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What are the best pre-workout supplements?

There are plenty of pre workout options for the gym-goer, endurance runner or simply exercise enthusiast. This article will suggest some of the most useful ones, as well as their specific benefits. When used as part of a balanced diet, these supplements can help you maximize the benefits that you obtain from your workouts. As you will soon see, some of the following pre workout (post workout, too) supplements can help you extend your workout routine, whereas others fill your muscles up with more of the explosive energy that is needed for high-intensity activities.

Protein Powders of All Types

Protein, of course, is the building block of muscle. More specifically, the amino acids of which protein is composed is the human body’s way of repairing muscle tissue and increasing muscle mass. For pre workout meals/drinks, whey protein stands heads-and-shoulders above the other alternatives. The reason for this is that it has a spectrum that includes branched chain amino acids (BCAAs), which are essential for the preparation of muscle fibers and tissue. The BCAAs in whey protein contain leucine, isoleucine and 7 other amino acids that make for a complete protein profile.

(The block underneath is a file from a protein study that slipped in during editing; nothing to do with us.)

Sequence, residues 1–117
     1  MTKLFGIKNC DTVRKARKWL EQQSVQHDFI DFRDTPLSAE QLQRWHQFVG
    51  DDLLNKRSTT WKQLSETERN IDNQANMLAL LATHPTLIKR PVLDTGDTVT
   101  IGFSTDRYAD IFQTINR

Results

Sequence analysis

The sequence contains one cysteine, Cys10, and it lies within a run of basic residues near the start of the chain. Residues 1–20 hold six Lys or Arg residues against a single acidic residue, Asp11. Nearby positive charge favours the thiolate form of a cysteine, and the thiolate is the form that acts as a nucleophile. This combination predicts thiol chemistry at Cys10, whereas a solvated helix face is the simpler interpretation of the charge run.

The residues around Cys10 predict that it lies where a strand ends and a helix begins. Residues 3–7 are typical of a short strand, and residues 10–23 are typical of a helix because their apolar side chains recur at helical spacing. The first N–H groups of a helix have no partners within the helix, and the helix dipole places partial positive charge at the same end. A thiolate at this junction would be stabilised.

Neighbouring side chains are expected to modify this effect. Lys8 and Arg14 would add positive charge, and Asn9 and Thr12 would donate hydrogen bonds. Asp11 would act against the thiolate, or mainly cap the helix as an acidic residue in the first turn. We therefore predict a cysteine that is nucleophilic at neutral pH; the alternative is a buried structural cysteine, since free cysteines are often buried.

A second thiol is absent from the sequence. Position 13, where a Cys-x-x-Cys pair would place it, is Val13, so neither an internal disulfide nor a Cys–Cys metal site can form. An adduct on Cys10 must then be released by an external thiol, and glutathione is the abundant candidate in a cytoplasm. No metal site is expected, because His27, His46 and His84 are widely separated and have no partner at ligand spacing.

The amino acid leucine, in particular, is responsible for building muscle stronger after heavy weight-lifting routines. This amino acid focuses on high-intensity work, where the rest and recovery period will benefit from the muscles being flooded with leucine for repair and strengthening. Additionally, the BCAAs in protein can repair tendons, ligaments and even your dermal (skin) layers. Much of the food you eat will already contain some protein; but supplementing this with whey or a protein that’s infused with BCAAs will go a long way in maximizing your body’s ability when it comes to intense exercise.

Another important component in whey protein powder is cysteine. It occurs as a sort of “cast-off” in the production of general protein, and the FDA doesn’t consider it an essential amino acid. However, it is known to protect against cellular wear-and-tear, and helps in the production of antioxidants that combat disease-causing free radicals in the body.

Can Caffeine Serve as a Viable Pre Workout Supplement?

If you live anywhere in the Western Hemisphere, then caffeine is more of a staple of your diet than a supplement. Nonetheless, this coffee bean extract is definitely a viable pre workout supplement that is known to rev up your brain function in order to dampen those sleepy eyes, and to jolt your body out of lingering sluggishness. In fact, some protein powders even have caffeine as one of the ingredients; however, caffeine is plenty good enough if taken alone as a cup of Joe before a workout. Obviously, one should take care to avoid caffeine if you’re working out past about 3pm in the afternoon, as caffeine is known to stay in the body for about 6-8 hours and may not exit your system in time for bed if you imbibe it too late.